Fredi Washington, a talented actress and devoted activist

Herb Boyd | 9/20/2018, 11:04 a.m.
When actress Regina Hall was asked to cite a Black woman who influences her career, she conjured Fredi Washington.

When actress Regina Hall was asked to cite a Black woman who influences her career, she conjured Fredi Washington. Ironically, a few days earlier, I had just finished reviewing my book on the Harlem Renaissance and edited a chapter in which Washington was included. Now, for me to recall Washington’s place in films and stage is not that revelatory, but for Hall, of another generation, to recall Washington was quite surprising.

Washington, to refresh the memory of those of my generation and before as well as to introduce her to the much younger readers, was a breakthrough actress whose stunning good looks often obscured her ability to give a character resonance and plausibility.

Born Fredericka Carolyn Washington, Dec. 23, 1903, in Savannah, Ga., she was the oldest (some say she was among the youngest of the children) of several siblings, and after her mother died she helped to care for them. She was a student at St. Elizabeth’s Convent School for Colored Girls in Cornwells Heights, Pa. when her family, now expanded to include more siblings, moved to Harlem during the Great Migration.

In Harlem, Washington attended Julia Richman High School, and almost as soon as she graduated she began performing as a dancer. In 1921, when “Shuffle Along” made its debut on Broadway, she was in the chorus line and later, through her friendship with Josephine Baker, she became a member of the “Happy Honeysuckles” cabaret ensemble.

Her good looks and her charm attracted a number of producers, and in 1926 she was offered a role to co-star with Paul Robeson in “Black Boy,” a play based roughly on the life of the great boxer Jack Johnson. For some reason, Washington was listed as Edith Warren on the playbill just before opening night, according to Martin Duberman in his exhaustive biography of Robeson. She was in awe of Robeson but soon settled into her role as leading lady with Robeson’s gracious support.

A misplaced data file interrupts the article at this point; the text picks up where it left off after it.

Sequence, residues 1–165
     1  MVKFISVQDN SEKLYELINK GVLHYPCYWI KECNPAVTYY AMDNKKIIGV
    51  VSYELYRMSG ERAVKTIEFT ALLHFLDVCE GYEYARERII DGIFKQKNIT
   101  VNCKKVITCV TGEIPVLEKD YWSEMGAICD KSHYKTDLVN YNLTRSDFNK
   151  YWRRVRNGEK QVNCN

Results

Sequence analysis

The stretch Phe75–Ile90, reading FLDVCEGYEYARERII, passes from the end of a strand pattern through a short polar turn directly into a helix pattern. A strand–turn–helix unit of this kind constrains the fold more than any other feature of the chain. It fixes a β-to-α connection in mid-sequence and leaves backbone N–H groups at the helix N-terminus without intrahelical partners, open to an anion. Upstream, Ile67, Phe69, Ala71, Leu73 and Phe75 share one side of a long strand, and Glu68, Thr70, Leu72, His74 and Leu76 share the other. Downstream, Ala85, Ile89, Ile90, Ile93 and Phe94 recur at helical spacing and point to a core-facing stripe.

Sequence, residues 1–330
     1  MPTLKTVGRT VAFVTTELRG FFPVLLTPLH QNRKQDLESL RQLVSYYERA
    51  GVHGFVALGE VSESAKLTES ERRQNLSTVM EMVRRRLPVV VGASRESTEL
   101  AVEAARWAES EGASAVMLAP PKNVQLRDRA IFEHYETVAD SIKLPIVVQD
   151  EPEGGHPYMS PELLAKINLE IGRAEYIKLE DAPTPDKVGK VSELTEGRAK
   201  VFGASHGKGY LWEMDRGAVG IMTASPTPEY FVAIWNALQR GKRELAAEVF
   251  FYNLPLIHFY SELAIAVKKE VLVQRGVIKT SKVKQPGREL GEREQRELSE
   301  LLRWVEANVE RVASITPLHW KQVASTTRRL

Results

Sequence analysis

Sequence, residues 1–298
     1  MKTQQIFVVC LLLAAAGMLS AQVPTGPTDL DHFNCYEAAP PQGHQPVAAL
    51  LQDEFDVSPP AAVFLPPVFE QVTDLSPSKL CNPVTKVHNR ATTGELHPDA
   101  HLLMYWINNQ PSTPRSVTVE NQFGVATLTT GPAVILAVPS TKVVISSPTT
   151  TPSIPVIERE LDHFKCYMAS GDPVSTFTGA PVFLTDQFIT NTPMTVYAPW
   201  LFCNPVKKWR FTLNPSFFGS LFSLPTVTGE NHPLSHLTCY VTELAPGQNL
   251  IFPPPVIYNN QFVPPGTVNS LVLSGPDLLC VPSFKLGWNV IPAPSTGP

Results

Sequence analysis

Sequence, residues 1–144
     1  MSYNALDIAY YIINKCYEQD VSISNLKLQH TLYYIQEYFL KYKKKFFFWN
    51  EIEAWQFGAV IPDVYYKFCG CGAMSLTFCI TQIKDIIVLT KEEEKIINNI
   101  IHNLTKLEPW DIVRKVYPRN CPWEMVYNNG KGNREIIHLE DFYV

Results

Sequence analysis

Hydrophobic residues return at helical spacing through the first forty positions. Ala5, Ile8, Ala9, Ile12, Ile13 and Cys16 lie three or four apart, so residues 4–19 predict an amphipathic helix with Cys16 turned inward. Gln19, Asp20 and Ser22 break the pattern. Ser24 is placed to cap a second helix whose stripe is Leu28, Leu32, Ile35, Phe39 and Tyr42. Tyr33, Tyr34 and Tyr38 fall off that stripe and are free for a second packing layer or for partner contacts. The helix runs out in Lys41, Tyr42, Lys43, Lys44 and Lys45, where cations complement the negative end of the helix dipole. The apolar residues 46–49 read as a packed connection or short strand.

After this successful engagement, and rumors of an affair with Robeson, Washington formed a partnership with dancer Al Moiret, and they were particularly popular in London.

But acting was her dream and it began to materialize with a part in the film “Black and Tan,” featuring a performance and music by Duke Ellington, in which she played a dying dancer. There was reportedly a short love affair between her and Ellington. She acquired a more substantial role again with Robeson in “The Emperor Jones.” Several of the passionate scenes with Robeson were cut, even after her skin was darkened so that she would not appear to be a white woman. During a short stint with Duke Ellington’s band, it was said she passed as white while touring the South.

A year later, in 1934, she scored her most memorable role in “Imitation of Life,” in which she portrayed a light-skinned Black woman who passed as white, which, in effect, personified the many “tragic mulatto” roles given to Black women. Such roles for Washington were merely impersonation, because she was outspokenly Black, insisting time and time again, “I am a Negro and I am proud of it.” After her last film, “One Mile from Heaven” in 1937, in which she played opposite to Bill “Bojangles” Robinson, she left Hollywood and returned to the stage and devoted more time to activism.